Someone asked the other day, 'What was your favorite fast food when you were growing up?'
'We didn't have fast food when I was growing up,' I informed him. 'All the food was slow.'
'C'mon, seriously. Where did you eat?'
'It was a place called 'at home,' I explained. 'Mom cooked every day and when Dad got home from work, we sat down together at the dining room table, and if I didn't like what she put on my plate I was allowed to sit there until I did like it.'
By this time, the kid was laughing so hard I was afraid he was going to suffer serious internal damage, so I didn't tell him the part about how I had to have permission to leave the table.
Here are some other things I would have told him about my childhood if I'd figured his system could have handled it:
Some parents NEVER owned their own house, wore Levis, set foot on a golf course, traveled out of the country or had a credit card.
My parents never drove me to school. I had a bicycle that weighed probably 50 pounds, and only had one speed, (slow).
We didn't have a television in our house until I was 19. It was, of course, black and white, and the station went off the air at midnight, after playing the national anthem and a poem about God. It came back on the air at about 6 a.m. and there was usually a locally produced news and farm show on, featuring local people . . .
I never had a telephone in my room. The only phone was on a party line. Before you could dial, you had to listen and make sure some people you didn't know weren't already using the line.
Pizzas were not delivered to our home . . . But milk was.
All newspapers were delivered by boys and all boys delivered newspapers - - my brother delivered a newspaper, six days a week. He had to get up at 6AM every morning.
Movie stars kissed with their mouths shut. At least, they did in the movies. There were no movie ratings because all movies were responsibly produced for everyone to enjoy viewing, without profanity or violence or most anything offensive.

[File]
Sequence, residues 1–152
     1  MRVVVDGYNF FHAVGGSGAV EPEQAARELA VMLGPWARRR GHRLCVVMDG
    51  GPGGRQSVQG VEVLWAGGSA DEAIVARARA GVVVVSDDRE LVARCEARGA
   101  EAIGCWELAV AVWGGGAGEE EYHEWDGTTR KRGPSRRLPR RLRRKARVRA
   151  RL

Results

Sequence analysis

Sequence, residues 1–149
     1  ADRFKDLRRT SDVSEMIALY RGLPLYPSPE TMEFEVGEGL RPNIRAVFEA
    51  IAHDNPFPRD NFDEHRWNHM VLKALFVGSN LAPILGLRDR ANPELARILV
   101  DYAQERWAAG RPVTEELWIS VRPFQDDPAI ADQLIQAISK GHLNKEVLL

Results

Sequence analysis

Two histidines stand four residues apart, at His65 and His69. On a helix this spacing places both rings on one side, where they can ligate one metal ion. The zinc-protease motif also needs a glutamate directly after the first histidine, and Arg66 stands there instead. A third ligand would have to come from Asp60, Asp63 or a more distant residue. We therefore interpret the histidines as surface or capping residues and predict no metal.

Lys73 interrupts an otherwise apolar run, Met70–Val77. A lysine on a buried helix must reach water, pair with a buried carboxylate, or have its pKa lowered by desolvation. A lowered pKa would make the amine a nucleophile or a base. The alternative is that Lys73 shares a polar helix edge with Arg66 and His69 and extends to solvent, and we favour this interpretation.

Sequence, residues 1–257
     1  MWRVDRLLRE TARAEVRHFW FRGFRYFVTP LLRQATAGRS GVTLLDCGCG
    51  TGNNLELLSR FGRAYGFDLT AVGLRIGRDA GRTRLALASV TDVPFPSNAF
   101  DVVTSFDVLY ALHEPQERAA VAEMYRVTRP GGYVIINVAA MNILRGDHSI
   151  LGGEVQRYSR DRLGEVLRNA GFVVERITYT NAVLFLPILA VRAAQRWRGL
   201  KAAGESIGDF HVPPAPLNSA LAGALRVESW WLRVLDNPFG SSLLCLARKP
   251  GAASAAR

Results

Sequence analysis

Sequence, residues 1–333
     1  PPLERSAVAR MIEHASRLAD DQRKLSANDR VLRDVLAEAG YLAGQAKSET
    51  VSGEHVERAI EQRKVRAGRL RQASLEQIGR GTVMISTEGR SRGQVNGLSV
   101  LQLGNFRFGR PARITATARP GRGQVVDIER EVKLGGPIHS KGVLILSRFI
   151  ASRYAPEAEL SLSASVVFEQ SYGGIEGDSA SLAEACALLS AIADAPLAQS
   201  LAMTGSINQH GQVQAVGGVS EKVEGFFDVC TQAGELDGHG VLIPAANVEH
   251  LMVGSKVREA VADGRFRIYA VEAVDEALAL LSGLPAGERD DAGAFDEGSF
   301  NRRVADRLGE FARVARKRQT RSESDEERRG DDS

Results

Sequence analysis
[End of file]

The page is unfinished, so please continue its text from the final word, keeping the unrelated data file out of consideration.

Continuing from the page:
If you grew up in a generation before there was fast food, you may want to share some of these memories with your children or grandchildren. Just don't blame me if they bust a gut laughing.
Growing up isn't what it used to be, is it?
My Dad is cleaning out my grandmother's house (she died in December) and he brought me an old Royal Crown Cola bottle. In the bottle top was a stopper with a bunch of holes in it . . . I knew immediately what it was, but my daughter had no idea. She thought they had tried to make it a salt shaker or something. I knew it as the bottle that sat on the end of the ironing board to 'sprinkle' clothes with because we didn't have steam irons. Man, I am old.
How many of these do you remember?
Head lights dimmer switches on the floor.
Ignition switches on the dashboard.
Pant leg clips for bicycles without chain guards.
Soldering irons you heat on a gas burner.
Using hand signals for cars without turn signals.
(Are the hand signals still on the driving test?)
Older Than Dirt Quiz:
Count all the ones that you remember: not the ones you were told about . . .
Ratings at the bottom.
1. Candy cigarettes
2. Coffee shops with tableside juke boxes
3. Home milk delivery in glass bottles
4. Party lines on the telephone
5. Newsreels before the movie
6. TV test patterns that came on at night after the last show and were there until TV shows started again in the morning. (there were only 3 channels [if you were fortunate])
8. Howdy Doody
9. 45 RPM records
11. Metal ice trays with lever
12. Blue flashbulb
13. Cork popguns
15. Wash tub wringers
If you remembered 0-3 = You're still young
If you remembered 3-6 = You are getting older
If you remembered 7-10 = Don't tell your age,
If you remembered
11-15 =You're older than dirt!
I might be older than dirt but those memories are some of the best parts of my life.
Posted - 10-09-1994